Best Restaurant in town
Portugal, for us, wasn’t the best for our vegetarian palate and most didn’t understand vegetarianism. Unless it was a cafe style places which only stayed open until early afternoon. Why is it vegetarian/ vegan places shut early? Do we all turn into gremlins at night!
As we strolled through the cobble streets, hungry and no menu taking our fancy or none catering to our needs, I (Knox) deliberately stumbled across Mavala Italian restaurant. It had caught my attention while browsing the web earlier, and as nowhere else really grabbed our imagination, we passed a group kicking a ball about to arrive at this very unassuming hole in the wall.
Inside, the restaurant stepped back in time, with an eclectic mix of old artworks and period dining equipment. It had a warm, homely vibe, and we were made to feel very welcome. Indeed our host eloquently described how they could cater for our vegetarian needs. While no particular veggie menu, we went with the flow. Indeed, the Milanese chef did not disappoint as the food was absolutely divine.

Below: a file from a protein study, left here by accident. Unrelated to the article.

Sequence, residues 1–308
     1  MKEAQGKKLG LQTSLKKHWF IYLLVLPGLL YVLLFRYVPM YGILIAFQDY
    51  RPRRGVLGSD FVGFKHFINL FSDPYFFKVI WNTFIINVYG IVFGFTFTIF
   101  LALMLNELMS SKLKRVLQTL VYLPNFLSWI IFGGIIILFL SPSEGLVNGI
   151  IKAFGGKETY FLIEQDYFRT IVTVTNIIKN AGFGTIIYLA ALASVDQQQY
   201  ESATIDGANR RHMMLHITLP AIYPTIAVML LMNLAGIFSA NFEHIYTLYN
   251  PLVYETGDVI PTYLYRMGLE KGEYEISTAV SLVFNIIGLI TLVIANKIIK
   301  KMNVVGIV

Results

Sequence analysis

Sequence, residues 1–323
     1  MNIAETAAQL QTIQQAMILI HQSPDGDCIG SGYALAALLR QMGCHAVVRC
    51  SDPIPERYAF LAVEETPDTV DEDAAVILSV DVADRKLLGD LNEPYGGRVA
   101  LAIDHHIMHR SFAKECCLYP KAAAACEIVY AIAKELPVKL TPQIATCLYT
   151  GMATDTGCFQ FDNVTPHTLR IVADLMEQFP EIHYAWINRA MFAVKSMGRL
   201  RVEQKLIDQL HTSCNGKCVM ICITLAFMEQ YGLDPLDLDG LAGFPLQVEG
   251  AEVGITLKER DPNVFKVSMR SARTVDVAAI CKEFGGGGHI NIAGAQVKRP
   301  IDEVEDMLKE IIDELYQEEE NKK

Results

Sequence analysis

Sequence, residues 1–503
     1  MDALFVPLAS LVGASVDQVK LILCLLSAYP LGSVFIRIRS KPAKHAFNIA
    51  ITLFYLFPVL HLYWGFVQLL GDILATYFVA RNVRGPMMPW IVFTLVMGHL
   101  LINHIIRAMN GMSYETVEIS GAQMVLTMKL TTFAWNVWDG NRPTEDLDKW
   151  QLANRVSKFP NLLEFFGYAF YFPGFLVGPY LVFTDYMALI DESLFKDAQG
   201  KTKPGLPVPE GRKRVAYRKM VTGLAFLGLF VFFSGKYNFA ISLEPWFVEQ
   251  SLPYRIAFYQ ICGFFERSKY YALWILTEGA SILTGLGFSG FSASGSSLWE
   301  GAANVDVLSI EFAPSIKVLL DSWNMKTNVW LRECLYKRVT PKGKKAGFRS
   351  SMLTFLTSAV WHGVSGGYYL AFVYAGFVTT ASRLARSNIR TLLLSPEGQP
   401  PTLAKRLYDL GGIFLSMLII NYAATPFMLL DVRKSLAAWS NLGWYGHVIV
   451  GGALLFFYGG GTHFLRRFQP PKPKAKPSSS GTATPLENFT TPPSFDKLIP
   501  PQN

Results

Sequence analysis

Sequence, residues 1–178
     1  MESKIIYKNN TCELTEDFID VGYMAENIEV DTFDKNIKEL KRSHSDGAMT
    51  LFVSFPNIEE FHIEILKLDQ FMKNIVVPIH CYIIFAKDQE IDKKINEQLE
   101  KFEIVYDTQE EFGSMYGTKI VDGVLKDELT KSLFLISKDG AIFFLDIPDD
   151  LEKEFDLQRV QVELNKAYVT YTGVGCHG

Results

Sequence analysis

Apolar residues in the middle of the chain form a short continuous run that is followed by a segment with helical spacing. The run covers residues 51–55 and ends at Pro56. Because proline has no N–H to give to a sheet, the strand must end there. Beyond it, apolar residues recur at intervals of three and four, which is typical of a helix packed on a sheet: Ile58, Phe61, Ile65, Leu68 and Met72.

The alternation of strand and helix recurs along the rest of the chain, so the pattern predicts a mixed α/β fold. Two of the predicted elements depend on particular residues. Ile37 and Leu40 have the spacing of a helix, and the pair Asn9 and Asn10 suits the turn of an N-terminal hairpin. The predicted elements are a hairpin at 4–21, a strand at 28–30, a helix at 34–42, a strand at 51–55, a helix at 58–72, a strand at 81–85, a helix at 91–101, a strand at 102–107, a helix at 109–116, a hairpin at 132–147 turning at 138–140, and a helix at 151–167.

We had a caprese salad, with a side of mashed aubergine in a rich tomato sauce, for starters. This was accompanied by a spinach and ricotta quiche like tart. The flavours had the juices in our mouths salivating.
The main, a simple, but delicious, butternut squash ravioli in a butter sauce. The homemade pasta just melted in our mouths.The triumphant finale, a delicious dessert of sweet pasta wafer with a nutty cream filling. Of course all this was washed down with a Half bottle each of Italian white and red. A bonus was also the sweet shot of limoncello at the end. The experience was on a par with Michelin star restaurants, yet the price wasn’t such a hard hit on the wallet. Totally recommended!
The journey continues
Faro, and that delicious meal, was the perfect end to our sunny break in the Algarve. We have now ticked the Portugal box and have other destinations in mind. We will bring the delights to you as soon as we’ve tasted them.